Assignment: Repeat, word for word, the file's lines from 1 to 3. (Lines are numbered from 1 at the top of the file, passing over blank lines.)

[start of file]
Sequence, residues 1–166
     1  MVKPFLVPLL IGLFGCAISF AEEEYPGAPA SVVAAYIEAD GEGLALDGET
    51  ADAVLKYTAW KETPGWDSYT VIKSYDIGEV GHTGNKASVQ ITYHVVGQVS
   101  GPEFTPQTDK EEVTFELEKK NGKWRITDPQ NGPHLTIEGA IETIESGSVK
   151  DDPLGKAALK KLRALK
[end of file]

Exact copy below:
Sequence, residues 1–166
     1  MVKPFLVPLL IGLFGCAISF AEEEYPGAPA SVVAAYIEAD GEGLALDGET
    51  ADAVLKYTAW KETPGWDSYT VIKSYDIGEV GHTGNKASVQ ITYHVVGQVS